He explained that especially during calls for social distancing, the podcast has an important place. “We are taught to love God and love people,” he said. “At this time, part of loving our neighbor is distancing ourselves and putting the health of the most vulnerable before our own comforts. The call to gather and live in community has not changed, so our solution is to gather digitally for the time being.”
Go to bayoucityfellowship.com or use the Apple Podcast app.
The church Ecclesia Houston offers weekly podcasts — and even has a special edition for the coronavirus pandemic, “Quarantine Made Sacred.”
“COVID-19 is presenting us all with challenges and obstacles we could never have imagined,” host and teaching pastor Sean Palmer said. “We are now forced into new realities — relational, financial, emotional and spiritual. This podcast exists to help people live more holistically and mindfully in the midst of this difficulty.”
This podcast series was made to help manage social distancing with grace, hope, love and connectedness. “We are created for community,” Palmer said. “The challenge in this time is staying connected to what gives us life — God, our community of faith, our friends, and our meaning and purpose.”
To listen, visit ecclesiahouston.org/liturgy, iTunes or other podcast Apps.
Jewish Latin Princess
“Jewish Latin Princess” — hosted by international speaker and bilingual blogger Yael Trusch — aims to provide Jewish women with honest, approachable, relatable, practical experiences.
Trusch became obsessed with Judaism while in college, which led her to adopt an increasingly observant lifestyle. Now, as a wife and mother, she is dedicated to building a Jewish home.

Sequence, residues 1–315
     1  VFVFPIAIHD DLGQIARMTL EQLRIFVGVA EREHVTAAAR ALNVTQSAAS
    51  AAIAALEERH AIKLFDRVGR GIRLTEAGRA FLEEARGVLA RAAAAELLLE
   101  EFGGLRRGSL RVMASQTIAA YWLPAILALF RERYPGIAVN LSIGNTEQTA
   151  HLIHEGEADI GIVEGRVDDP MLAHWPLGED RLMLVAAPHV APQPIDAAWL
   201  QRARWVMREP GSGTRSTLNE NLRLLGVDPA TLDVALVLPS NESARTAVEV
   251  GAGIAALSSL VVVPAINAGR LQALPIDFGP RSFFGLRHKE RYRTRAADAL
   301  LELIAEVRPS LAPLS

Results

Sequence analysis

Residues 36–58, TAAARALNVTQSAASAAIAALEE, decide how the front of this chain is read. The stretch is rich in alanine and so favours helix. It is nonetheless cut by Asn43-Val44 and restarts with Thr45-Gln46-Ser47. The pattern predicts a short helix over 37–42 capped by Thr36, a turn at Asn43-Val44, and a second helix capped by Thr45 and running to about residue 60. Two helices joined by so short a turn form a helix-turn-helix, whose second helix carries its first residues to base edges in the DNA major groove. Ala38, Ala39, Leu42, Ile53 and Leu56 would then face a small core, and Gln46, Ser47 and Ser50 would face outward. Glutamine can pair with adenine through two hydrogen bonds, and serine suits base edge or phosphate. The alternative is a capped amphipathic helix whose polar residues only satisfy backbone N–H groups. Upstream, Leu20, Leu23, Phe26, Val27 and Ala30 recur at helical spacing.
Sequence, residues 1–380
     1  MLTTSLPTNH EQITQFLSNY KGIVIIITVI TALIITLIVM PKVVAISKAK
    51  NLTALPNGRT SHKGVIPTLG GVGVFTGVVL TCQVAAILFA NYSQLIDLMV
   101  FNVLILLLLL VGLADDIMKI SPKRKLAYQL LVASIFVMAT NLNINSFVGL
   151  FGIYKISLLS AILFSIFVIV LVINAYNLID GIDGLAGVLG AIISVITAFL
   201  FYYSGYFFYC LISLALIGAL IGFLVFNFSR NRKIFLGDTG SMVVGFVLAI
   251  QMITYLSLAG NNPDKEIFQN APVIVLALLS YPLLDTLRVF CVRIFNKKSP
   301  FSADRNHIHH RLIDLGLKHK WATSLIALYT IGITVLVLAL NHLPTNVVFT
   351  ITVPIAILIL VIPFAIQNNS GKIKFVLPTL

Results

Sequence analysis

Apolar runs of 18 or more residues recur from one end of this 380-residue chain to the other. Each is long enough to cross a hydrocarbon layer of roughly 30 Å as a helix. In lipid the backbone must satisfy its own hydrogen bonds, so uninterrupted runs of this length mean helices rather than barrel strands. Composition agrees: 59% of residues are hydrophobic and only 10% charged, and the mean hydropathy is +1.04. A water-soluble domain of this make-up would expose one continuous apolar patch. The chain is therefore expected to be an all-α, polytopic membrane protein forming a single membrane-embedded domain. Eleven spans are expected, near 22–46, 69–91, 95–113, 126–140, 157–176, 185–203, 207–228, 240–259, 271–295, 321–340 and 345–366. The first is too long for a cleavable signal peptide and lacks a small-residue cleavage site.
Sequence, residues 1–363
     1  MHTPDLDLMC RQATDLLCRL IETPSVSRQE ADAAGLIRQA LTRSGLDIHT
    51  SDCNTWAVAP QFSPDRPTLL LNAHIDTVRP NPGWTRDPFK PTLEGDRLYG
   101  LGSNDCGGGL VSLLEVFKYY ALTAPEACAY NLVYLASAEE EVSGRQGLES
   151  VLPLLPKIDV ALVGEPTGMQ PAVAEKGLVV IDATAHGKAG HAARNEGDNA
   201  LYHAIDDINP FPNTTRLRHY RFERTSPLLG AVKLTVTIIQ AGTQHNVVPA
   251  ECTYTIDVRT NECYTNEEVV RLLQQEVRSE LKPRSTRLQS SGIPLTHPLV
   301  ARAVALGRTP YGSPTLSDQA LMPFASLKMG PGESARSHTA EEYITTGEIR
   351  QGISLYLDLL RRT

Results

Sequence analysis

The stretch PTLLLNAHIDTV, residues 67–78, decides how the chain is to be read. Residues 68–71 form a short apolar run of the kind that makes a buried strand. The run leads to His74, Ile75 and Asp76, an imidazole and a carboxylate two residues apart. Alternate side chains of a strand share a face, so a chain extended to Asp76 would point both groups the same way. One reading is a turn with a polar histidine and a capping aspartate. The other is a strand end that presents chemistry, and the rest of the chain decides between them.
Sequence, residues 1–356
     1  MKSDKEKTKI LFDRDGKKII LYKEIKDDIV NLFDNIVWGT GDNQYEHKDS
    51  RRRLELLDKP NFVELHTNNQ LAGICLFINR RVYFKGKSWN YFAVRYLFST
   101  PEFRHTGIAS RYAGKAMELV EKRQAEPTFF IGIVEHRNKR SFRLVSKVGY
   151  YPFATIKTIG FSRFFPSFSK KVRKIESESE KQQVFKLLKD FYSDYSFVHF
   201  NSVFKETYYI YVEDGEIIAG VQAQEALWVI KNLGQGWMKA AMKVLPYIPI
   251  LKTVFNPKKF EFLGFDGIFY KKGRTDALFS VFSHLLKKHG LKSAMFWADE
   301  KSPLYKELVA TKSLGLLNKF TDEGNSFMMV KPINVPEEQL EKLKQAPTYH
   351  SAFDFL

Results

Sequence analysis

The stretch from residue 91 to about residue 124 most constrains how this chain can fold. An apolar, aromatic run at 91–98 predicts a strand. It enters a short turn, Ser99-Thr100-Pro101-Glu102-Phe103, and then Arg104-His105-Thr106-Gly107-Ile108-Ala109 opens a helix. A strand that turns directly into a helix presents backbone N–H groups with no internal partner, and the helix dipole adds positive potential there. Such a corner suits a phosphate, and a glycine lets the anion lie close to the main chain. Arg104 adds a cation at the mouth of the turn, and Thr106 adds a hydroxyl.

“Through the interviews on this show, women can gain tremendous insights about a most enriching way of life that is Judaism,” Trusch said. “Women can learn practical and profound lessons from other exceptional Jewish women’s journeys, experiences, work and challenges.”
“Jewish Latin Princess” is on iTunes and android podcast players, as well as on jewishlatinprincess.com.
Ammar al-Shukry, imam of River Oaks Islamic Center, is also an instructor at the AlMaghrib Institute, which provides Islamic learning experiences. The institute launched a recent series called “All Clear” to discuss issues raised during the coronavirus outbreak. “From birth to death, everything is being challenged right now,” al-Shukry said. “This is something that is meant to bring you clarity.”
The series includes interviews, presentations and panel discussions. “We decided to offer two sessions per day because of people’s need for connection right now,” al-Shukry said. “It’s very important that we’re present, as people have all of these questions, all of this anxiety and even fear.”
The series is free and available on Facebook Live at facebook.com/almaghribworld.